Do you think the book’s message is a hopeful one?

My philosophy is ‘arrive late, get out early’. I’m writing about a real issue that has yet to be resolved, so I can’t finish the story, but yes, I’d say there is a triumphant note.

Saul Bellow once said ‘You never have to change anything you got up in the middle of the night to write.’ Do you agree?

Occasionally, to write the first draft of a tired and emotional scene, it helps to be tired and emotional, so that you can use an emotion that’s already there, rather than having to recreate one. I might set the alarm for the middle of the night so that I’m at least halfway there. But I always have to edit.

Do you have hobbies aside from reading?

I have three main passions: walking, photography and the British countryside. I am very lucky in that I am surrounded by parks so walking I do daily, but I can combine all three. I discovered mountain-climbing when I was eighteen and find it hugely rewarding to push myself physically. The top of a mountain is also a great place for thinking and putting things in perspective.  

What’s the first book you remember reading?

I can remember that I was a huge fan of The Magic Pudding by Norman Lindsay. I also loved Anne of Green Gables and anything written by Alan Garner, whose writing is dark, peculiarly British and blends fact with folk law, myths and spirituality.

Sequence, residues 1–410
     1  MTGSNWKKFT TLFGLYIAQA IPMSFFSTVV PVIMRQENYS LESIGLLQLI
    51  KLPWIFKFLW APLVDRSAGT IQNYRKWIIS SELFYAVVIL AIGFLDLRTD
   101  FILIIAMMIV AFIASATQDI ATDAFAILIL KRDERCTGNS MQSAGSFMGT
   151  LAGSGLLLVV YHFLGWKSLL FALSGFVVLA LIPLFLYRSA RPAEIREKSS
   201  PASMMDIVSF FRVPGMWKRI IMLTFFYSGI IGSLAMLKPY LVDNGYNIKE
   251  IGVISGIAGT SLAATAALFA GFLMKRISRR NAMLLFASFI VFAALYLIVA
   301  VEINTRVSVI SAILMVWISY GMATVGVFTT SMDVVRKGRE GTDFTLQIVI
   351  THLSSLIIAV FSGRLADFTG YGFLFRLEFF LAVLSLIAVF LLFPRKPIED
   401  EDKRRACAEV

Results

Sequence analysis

Do you have an all-time favourite book?

My list of favourite books may change but it’s always topped by The Prince of Tides by Pat Conroy. It has everything. Family secrets, flawed characters, opportunities for redemption. I return to it time and time again and always find something new. Odd though it may seem, I have never read another book by Pat Conroy. The Prince of Tides is so perfect, I’d be afraid that I would feel disappointed.

What are you working on now?

I’m very superstitious about talking about what I’m working on. I don’t know if I have a book on my hands until I hit the 50,000-word mark and I’m not there yet. But I was very moved by the Hillsborough documentary about how the families of those who were killed finally achieved their goals after dedicating their entire lives to the fight for justice. While it ended on a celebratory note, my thoughts were, what on earth do you do now? So that’s what I hope to explore.

My Counterfeit Self is available to pre-order on Kindle until the launch date of 1st October at the special price of 99p/99c. After this, the price will be £2.99/$3.99. To order or buy follow the link

For details of her other books, visit: